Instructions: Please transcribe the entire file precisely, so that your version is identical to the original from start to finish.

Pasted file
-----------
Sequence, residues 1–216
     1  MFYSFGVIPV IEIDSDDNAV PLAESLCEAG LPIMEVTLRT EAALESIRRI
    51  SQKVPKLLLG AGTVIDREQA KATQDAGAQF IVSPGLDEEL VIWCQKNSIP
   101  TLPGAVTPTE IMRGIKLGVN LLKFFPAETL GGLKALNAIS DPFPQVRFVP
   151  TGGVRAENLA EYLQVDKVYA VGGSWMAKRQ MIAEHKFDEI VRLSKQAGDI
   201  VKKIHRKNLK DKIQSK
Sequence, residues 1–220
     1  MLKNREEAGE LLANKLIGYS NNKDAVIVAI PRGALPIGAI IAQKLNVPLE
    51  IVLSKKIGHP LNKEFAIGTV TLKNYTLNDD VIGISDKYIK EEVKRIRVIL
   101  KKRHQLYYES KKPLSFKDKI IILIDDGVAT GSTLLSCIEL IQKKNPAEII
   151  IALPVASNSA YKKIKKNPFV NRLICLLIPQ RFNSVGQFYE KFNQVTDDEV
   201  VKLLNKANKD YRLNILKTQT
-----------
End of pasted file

Sequence, residues 1–216
     1  MFYSFGVIPV IEIDSDDNAV PLAESLCEAG LPIMEVTLRT EAALESIRRI
    51  SQKVPKLLLG AGTVIDREQA KATQDAGAQF IVSPGLDEEL VIWCQKNSIP
   101  TLPGAVTPTE IMRGIKLGVN LLKFFPAETL GGLKALNAIS DPFPQVRFVP
   151  TGGVRAENLA EYLQVDKVYA VGGSWMAKRQ MIAEHKFDEI VRLSKQAGDI
   201  VKKIHRKNLK DKIQSK
Sequence, residues 1–220
     1  MLKNREEAGE LLANKLIGYS NNKDAVIVAI PRGALPIGAI IAQKLNVPLE
    51  IVLSKKIGHP LNKEFAIGTV TLKNYTLNDD VIGISDKYIK EEVKRIRVIL
   101  KKRHQLYYES KKPLSFKDKI IILIDDGVAT GSTLLSCIEL IQKKNPAEII
   151  IALPVASNSA YKKIKKNPFV NRLICLLIPQ RFNSVGQFYE KFNQVTDDEV
   201  VKLLNKANKD YRLNILKTQT